A: Nothing at all! But that hasn’t stopped some progressives from trying to make the case that America’s Founders would have no problem with requiring Americans to buy health insurance as a condition of citizenship.
Michael Tomasky at the Guardian of London posts on a report by a third-year Seton Hall Law School student finding precedent for Obamacare’s “individual mandate” in the Second Militia Act of 1792. The law required:
[E]ach and every free able-bodied white male citizen of the respective States . . . shall severally and respectively be enrolled in the militia . . . .provid[ing] himself with a good musket or firelock, a sufficient bayonet and belt, two spare flints, and a knapsack, a pouch, with a box therein . . . and shall appear so armed, accoutred and provided, when called out to exercise or into service.
Although Tomasky treats this as something novel, in fact Ian Millhiser at Think Progress floated the idea way back in March. (And, as it turns out, the post to which Tomasky links dates from July.)
But Tomasky thinks he’s really onto something here:
I would call that precedent. It lasted more than a century, and George Washington himself signed it into law.
That won’t matter to Scalia-Thomas-Roberts-Alito, of course, and maybe not to Kennedy. I suppose we’ll find out.
I suppose we will, too, and I suspect the justices will dismiss this particular argument in fairly short order.
(Tomasky goes on to say, parenthetically: “Meanwhile, on the healthcare topic, if you’re curious, Google ‘health care and severability.’ That’s a word you might want to learn, and something we might well be discussing in the coming weeks.” Heartland’s own Ben Domenech had him beat by a couple of months.)
When the Think Progress post on the Militia Act appeared, I remarked elsewhere it may have been “the stupidest thing I’ve read about the ‘individual mandate'”:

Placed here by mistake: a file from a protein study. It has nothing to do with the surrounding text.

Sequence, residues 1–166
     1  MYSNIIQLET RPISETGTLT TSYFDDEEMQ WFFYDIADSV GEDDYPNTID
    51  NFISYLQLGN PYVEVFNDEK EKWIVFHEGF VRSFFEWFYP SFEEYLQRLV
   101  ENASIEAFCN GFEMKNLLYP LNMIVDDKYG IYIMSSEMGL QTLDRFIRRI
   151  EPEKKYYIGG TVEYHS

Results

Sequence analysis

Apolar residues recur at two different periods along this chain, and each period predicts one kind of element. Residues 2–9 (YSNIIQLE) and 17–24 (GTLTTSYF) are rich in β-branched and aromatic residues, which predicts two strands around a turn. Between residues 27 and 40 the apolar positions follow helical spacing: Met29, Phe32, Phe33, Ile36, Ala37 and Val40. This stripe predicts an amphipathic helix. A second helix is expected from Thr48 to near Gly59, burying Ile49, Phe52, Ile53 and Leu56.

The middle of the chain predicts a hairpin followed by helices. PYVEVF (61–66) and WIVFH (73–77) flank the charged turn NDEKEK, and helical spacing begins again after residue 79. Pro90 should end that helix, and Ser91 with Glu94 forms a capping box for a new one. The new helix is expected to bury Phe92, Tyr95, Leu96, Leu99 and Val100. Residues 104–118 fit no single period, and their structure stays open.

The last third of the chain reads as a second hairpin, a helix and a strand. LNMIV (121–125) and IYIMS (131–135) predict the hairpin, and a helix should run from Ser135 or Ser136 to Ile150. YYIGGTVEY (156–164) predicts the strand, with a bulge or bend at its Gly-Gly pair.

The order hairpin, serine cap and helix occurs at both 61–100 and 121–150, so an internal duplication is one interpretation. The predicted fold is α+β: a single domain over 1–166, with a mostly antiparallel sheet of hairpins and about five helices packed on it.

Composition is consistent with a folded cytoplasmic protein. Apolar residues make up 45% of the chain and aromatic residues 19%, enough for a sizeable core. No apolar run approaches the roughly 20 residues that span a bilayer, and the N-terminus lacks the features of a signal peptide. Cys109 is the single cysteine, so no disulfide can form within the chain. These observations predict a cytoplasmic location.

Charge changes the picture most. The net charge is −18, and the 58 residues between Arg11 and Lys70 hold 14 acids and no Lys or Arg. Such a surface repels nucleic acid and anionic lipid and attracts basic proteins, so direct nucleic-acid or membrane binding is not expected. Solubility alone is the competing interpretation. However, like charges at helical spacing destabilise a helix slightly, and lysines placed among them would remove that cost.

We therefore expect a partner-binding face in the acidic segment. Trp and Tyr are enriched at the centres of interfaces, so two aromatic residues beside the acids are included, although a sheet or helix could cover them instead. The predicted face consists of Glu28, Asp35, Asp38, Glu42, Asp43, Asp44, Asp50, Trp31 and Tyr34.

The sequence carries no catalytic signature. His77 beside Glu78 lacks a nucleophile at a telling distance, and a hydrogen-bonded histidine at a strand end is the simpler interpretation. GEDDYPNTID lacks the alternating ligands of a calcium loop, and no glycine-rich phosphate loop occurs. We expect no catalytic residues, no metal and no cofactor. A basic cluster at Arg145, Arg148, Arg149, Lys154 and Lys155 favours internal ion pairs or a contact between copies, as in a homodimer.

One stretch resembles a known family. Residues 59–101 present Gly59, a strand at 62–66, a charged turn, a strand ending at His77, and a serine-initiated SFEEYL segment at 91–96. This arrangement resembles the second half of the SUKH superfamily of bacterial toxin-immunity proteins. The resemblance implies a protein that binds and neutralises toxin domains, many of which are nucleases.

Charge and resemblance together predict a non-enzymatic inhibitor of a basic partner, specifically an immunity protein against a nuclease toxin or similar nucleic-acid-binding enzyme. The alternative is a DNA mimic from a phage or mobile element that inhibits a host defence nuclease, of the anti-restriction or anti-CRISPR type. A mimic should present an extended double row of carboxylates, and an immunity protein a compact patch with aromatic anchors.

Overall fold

What does it say about progressives…that a law enacted when the United States was young and in constant danger from foreign enemies would be cited as precedent for mandated health insurance? It almost reads like a parody of progressivism, with its slipshod conflation of national defense with the welfare state. I’m surprised we haven’t heard that health care reform should be treated as “the moral equivalent of war.”
The Heritage Foundation also made quick work of the Think Progress post:
The greatest difference between the health care bill and the Second Militia Act is constitutionality. There is solid constitutional basis for the Second Militia Act: Article I, section 8, clause 16 states that Congress has the power “To provide for organizing, arming, and disciplining the Militia, and for governing such Part of them as may be employed in the Service of the United States, reserving to the States respectively, the Appointment of the Officers, and the Authority of training the Militia according to the discipline prescribed by Congress.” Articulating a list of goods required for militia service is certainly within the bounds of this clause. Indeed, Federalist 29 emphasizes that such regulation of the militia is part of “superintending the common defense, and of watching over the internal peace of the Confederacy.”
In contrast to the Second Militia Act, the health care legislation lacks any constitutional basis or legal precedent to support its requirement that every living person in America purchase health care insurance.
But since, as Tomasky emphasizes, George Washington himself signed the Militia Act, let’s give Washington the last word on the subject of the Constitution and its usurpation.